Travel & Teach - Netherlands
The Netherlands mixes some of the most liberal attitudes to be found in Europe today with an orderly, structured society. Typified for being flat and easy to travel around, you will still find towns surrounded by canals and castle walls. Dutch people are very friendly and speak excellent English, partly because it is well taught in state schools. While there are many private language schools, the competition for jobs is fairly strong. However there is an increasing demand for in-company teaching, brought about by the high demand for English in the workplace.
Do bear in mind that a bilingual (Dutch-English) teacher will be in greater demand than an English only teacher. There is also an increasing demand within Universities, where teachers are quite often recruited informally through contacts, but you will need considerable experience to take advantage of these positions.
Alternatively, there is a tradition of people attending a kind of community college or folk university, called ‘Volksuniversiteit’, mainly for conversation classes. These centres throughout the Netherlands may be able to offer some work – try www.Volksuniversiteit.nl.
Tips for teaching English in the Netherlands
* choose the 150-hour TESOL Level 4 online >> course for Europe
* consider adding a 30-hour Business TESOL >> as this specialism is very much in demand
* add the 40-hour Total Grammar course >> as this will come in especially useful
* dress for business and present a professional CV/resume >>
British Council http://www.britishcouncil.org/
British Council in Holland: http://www.britishcouncil.org/netherlands.htm
Dutch Embassy UK: http://netherlands.embassyhomepage.com/
Dutch Embassy USA: http://www.netherlands-embassy.org/
Dutch National Tourist Office: www.goholland.co.uk
Global English students are working all over the world with their accredited TESOL certificates. Find out
how TESOL training from Global English has made a difference to their lives:
I have been teaching at two local language institutes “Volksuniversiteit”, for 4 years. I am also giving private English lessons to Dutch children who are moving to an English speaking country. Most recently, I started teaching a Business English course at a college. I have also given English lessons to a student studying for her P.E.T. and later her F.C.E. certificate.
I teach an interesting variety of class. It is part-time work, but it is possible to teach enough individual class that part-time work becomes almost full-time. Of course, it helps to live in Holland and meet people who do the same kind of work. Word of mouth and personal introductions are very important here when looking for an ESL teaching position. However, my training and certificate from Global English has certainly been beneficial to me in both teaching effectively and getting jobs.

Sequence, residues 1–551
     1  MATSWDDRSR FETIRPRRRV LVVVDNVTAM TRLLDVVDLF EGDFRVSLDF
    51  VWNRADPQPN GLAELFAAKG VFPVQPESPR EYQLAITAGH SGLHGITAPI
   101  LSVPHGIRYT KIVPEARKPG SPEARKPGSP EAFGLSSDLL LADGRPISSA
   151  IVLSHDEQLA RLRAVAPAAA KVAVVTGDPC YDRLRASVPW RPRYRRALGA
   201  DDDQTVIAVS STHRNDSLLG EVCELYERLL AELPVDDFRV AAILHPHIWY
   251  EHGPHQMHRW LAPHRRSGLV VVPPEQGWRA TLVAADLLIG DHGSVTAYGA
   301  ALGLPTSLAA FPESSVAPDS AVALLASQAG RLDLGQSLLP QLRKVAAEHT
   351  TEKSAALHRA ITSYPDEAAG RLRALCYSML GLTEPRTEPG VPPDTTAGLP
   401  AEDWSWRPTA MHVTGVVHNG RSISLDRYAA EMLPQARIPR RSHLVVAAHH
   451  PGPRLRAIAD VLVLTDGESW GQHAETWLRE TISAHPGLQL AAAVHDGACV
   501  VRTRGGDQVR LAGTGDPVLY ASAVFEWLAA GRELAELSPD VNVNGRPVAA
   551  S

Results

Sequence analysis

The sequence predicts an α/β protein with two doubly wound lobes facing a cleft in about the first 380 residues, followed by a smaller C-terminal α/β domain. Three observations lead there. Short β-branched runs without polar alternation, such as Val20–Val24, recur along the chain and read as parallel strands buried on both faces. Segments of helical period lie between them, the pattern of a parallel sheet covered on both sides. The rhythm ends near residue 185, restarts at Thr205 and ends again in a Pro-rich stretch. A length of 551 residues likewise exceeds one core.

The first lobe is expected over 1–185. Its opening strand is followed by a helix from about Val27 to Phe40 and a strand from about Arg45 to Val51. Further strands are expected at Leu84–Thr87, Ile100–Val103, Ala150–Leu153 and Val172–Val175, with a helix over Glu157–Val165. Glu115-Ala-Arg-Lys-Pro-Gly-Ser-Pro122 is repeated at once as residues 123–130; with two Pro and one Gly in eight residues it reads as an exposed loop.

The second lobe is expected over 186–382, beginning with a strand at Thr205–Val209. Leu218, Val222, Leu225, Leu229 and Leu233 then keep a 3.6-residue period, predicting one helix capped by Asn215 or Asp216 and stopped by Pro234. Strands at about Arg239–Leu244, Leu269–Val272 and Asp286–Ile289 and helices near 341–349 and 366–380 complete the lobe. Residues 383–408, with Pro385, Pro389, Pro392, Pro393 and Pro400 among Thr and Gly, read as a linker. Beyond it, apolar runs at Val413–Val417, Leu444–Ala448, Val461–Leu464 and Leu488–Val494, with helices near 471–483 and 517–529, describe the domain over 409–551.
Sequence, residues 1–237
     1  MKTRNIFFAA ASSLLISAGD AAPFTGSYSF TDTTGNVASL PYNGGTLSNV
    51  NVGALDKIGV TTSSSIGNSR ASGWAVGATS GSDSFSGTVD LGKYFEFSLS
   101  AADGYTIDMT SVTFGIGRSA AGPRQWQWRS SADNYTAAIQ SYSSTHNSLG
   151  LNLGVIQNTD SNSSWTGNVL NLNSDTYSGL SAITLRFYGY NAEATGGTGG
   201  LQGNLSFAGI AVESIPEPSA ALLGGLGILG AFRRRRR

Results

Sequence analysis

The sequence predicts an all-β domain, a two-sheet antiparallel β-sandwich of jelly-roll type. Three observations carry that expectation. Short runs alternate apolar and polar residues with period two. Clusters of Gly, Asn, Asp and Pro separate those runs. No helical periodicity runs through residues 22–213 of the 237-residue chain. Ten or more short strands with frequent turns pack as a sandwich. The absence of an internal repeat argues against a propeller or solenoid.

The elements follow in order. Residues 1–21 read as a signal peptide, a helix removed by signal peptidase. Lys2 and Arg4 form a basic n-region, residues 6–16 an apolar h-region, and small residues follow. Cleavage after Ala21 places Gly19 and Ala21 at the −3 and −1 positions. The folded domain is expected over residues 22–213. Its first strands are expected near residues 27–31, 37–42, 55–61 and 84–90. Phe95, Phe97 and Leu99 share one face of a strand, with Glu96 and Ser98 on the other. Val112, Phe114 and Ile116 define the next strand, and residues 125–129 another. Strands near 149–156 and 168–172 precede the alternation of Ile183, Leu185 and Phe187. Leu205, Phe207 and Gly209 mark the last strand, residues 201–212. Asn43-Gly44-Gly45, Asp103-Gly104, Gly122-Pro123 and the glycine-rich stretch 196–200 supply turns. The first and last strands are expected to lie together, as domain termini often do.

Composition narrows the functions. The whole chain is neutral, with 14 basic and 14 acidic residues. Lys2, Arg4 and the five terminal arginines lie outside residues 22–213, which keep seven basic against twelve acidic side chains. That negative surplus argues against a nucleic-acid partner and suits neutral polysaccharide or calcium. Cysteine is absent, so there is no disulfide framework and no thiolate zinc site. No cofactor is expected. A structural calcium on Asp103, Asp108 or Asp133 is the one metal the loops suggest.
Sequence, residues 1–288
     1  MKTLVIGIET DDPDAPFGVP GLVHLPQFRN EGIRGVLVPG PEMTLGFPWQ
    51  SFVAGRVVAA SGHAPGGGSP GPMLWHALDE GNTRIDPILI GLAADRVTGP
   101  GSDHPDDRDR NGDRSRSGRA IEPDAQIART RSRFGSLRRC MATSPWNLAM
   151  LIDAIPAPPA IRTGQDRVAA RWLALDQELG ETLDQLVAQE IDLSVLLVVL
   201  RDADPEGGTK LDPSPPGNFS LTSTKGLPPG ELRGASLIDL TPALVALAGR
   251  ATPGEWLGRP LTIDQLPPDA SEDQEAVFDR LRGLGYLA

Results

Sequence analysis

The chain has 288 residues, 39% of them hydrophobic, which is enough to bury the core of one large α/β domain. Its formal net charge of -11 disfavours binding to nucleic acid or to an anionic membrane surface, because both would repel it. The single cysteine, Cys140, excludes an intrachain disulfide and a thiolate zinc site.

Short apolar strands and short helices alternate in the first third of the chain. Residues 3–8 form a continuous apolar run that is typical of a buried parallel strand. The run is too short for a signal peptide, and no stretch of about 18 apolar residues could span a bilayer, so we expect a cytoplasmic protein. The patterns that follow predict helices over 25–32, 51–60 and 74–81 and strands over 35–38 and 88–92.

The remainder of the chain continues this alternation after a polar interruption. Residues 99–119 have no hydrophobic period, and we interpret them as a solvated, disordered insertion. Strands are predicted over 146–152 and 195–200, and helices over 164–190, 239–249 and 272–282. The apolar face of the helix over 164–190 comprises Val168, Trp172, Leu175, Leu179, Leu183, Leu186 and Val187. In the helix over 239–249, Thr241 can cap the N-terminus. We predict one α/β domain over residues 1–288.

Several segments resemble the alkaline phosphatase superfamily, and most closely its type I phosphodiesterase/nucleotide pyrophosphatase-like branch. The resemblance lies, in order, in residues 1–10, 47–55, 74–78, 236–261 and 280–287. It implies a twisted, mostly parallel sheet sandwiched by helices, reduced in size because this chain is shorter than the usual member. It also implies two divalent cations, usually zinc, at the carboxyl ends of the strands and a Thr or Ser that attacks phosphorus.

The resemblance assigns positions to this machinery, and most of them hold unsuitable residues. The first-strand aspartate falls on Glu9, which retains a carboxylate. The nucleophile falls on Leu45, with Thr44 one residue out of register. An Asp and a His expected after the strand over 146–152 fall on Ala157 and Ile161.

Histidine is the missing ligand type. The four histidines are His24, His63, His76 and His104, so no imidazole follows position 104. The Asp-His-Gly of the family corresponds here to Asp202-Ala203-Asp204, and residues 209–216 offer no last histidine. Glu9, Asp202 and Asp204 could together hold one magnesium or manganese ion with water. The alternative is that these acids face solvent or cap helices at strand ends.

Nancy recommends the following organisation for many different needs: CV writing class, information about schools, general questions and more and says they are very helpful: www.access.nl.org
Travel and Teach
There is a large English ex-pat community and to a great extent the demand is met by people from this already present population. Often these are English speaking partners of Dutch nationals. There is also a network of qualified and experienced local teachers with an excellent command of English. For this reason, little recruitment is done outside the country. Learning from a native speaker is still quite highly prized but you will also need good academic credentials. Most native speakers work as freelance teachers in private language schools, then supplementing their income with private lessons. A background in business or commerce is also a great benefit as it is business English that is in greatest demand.
Dutch employers will normally want to see you before offering you a job. This obviously favours the teacher who is prepared to travel and apply for jobs in person. If arriving on spec, try the gouden gids (meaning ‘golden pages’) but more often referred to as the gele gids (yellow pages) where language schools are listed under Taleninstituut. The British Council office (see Useful Contacts) may also hold a list of English language schools. Speculative applications are the norm here so a professional CV and covering letter to schools or institutes will have more chance of success.
Initially, for the reasons stated above, it is likely that you will have to survive on part time hours from a variety of schools. It is rare to be offered a full time contract and most teachers survive on long term freelance work with more than 1 school. If applying to teach business English, be aware that employers generally favour commercial experience over academic credentials alone. At interview, ‘dress for business’ and ensure your CV highlights any contact, however minimal, with the commercial world. You might find the guide to writing your CV on our site quite helpful here.
European Union residents just need their EU papers to enter. British and Irish nationals are able to work in Holland without too much difficulty. The Netherlands is also one of the easier EU countries for travellers from Australia, New Zealand, Canada and the USA to enter and possibly find teaching work. You should apply for a tax number (sofi nummer) from the tax service (Belastingdienst). EU citizens seeking a sofi-nummer should only be required to show a passport, residence permit identification card (or proof of registration with the foreign police) and proof of registration with the population registrar in your local municipality.
Other nationalities from outside the EU will find the whole process more difficult and bureaucratic. However a degree and TESOL Certificate should enhance your job prospects.
For the best chance of finding work in the Netherlands, it is strongly recommended that you take: